Following the passage in June 2020 of an amendment to a motion in the Scottish Parliament stating that Scotland should “establish a slavery museum to address our historic links to the slave trade”, the Programme for Government 2020-2021 committed the Scottish Government to work with race equality stakeholders and the museum sector to sponsor an independent expert group to make recommendations on how Scotland’s existing and future museum collections can better recognise and represent a more accurate portrayal of Scotland’s colonial and slavery history.
The Scottish Government therefore commissioned Museums and Galleries Scotland to coordinate the Empire Slavery and Scotland’s Museums: Addressing Our Colonial Legacy project, which formed an expert group led by Sir Geoff Palmer to conceive and deliver recommendations concerning our hidden past, and to advise on the scope and form that a museum should take.
The group led a national consultation from August to December 2021 in collaboration with CRER and Glasgow Life to establish the needs of communities that experience racism, the museums and galleries workforce, and the wider public. This project was designed to take an accessible and human rights-based approach, and advice from SHRC informed the project’s governance, engagement, evidence-gathering, and reporting processes. The Steering Group and project team agreed that the voices of people from communities who have been negatively impacted by the structural forms of discrimination and racism should be prioritised and amplified through the project.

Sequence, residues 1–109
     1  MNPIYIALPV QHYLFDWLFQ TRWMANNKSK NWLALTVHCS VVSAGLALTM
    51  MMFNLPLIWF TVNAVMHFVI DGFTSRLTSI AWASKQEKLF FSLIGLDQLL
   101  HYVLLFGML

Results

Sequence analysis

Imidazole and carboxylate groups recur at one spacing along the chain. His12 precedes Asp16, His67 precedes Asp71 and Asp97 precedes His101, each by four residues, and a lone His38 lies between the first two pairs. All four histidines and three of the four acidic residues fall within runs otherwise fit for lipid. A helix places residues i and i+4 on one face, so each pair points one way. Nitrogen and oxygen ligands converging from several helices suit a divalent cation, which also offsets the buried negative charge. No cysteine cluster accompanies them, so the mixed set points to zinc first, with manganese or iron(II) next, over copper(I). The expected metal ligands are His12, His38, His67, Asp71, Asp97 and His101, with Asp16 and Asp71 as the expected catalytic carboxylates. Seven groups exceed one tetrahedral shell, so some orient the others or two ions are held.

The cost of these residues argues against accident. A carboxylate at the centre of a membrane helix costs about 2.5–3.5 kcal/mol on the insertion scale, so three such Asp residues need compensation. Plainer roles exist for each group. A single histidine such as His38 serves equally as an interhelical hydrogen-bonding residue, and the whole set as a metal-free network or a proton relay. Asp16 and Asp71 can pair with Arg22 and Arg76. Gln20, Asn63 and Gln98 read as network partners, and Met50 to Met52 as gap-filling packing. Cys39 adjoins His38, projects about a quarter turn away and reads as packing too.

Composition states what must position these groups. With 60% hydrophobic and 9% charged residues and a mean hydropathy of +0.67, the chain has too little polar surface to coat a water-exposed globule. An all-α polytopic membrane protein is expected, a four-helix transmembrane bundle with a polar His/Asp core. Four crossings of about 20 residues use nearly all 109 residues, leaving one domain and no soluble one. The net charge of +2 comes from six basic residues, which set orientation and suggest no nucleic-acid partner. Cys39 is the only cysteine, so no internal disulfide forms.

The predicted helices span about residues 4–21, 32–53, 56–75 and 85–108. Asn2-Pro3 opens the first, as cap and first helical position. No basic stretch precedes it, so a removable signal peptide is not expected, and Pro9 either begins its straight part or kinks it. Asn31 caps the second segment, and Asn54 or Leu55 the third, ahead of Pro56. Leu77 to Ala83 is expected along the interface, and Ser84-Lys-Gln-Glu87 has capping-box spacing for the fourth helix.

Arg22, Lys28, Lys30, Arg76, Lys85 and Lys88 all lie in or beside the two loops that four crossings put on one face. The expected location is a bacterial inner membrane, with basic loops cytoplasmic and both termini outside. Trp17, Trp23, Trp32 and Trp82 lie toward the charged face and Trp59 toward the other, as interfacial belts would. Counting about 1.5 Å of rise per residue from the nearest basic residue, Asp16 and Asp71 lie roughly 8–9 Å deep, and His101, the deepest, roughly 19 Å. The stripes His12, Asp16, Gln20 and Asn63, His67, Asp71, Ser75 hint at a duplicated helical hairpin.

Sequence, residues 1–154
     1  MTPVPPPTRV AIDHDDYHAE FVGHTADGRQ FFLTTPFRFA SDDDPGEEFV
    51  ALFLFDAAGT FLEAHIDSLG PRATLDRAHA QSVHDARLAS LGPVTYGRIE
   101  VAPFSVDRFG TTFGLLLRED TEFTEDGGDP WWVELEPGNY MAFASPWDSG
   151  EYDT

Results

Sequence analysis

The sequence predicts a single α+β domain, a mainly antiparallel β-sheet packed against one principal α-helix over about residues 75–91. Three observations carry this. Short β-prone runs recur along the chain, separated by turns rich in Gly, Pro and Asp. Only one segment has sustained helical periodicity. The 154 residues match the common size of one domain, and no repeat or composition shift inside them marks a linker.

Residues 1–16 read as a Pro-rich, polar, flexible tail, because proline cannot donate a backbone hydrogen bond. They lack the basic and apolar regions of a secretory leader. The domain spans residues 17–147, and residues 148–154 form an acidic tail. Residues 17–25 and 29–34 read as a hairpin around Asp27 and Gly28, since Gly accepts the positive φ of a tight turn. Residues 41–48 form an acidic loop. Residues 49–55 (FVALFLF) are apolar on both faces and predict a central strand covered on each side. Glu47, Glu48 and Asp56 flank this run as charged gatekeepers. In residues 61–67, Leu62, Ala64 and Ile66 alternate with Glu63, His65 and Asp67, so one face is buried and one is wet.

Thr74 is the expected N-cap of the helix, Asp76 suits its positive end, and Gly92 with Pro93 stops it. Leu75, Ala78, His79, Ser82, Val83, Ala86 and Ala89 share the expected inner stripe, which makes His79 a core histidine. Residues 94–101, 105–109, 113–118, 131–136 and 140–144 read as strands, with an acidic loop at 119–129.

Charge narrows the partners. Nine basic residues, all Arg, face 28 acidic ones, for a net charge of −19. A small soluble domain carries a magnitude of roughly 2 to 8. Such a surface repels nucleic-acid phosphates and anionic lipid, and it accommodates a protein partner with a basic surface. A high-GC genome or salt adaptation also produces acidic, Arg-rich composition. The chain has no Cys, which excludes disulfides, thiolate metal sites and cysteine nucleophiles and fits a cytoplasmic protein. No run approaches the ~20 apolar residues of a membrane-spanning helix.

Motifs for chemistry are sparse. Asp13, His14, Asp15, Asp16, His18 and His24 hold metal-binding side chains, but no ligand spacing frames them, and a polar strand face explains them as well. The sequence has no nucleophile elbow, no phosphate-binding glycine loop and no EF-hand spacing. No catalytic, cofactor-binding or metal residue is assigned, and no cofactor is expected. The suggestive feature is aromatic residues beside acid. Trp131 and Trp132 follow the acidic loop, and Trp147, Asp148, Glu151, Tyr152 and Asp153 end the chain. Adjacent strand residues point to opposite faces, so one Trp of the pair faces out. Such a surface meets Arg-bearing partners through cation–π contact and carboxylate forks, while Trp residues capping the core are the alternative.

In June 2022, the project delivered their recommendations to the Scottish Government. The Scottish Government will shortly respond to these recommendations and outline how it will work with the museums, equalities and education sectors to take forward actions in response to the report.
In September 2022, at an event to commemorate 75 years of India’s independence, the Minister for Culture, Europe and International Development welcomed the decision of Glasgow Life Museums and Glasgow City Council to repatriate specific artefacts from Glasgow’s museums to India.
D) Gaelic and Scots
There is a legislative framework in place to ensure that those who wish to use the Gaelic and Scots languages are afforded the opportunity to do so, supported by formal guidance. The Gaelic Language (Scotland) Act 2005 was commenced in February 2006 and contains a number of statutory provisions designed to secure the status of Gaelic in Scotland, giving the Gaelic language equal respect to English. In particular, it established a public body, Bòrd na Gàidhlig, to promote Gaelic issues, it requires the preparation of a National Plan for Gaelic, and it empowers Bòrd na Gàidhlig to require public bodies in Scotland to prepare their own statutory Gaelic Language Plans setting out how they will promote the use of Gaelic.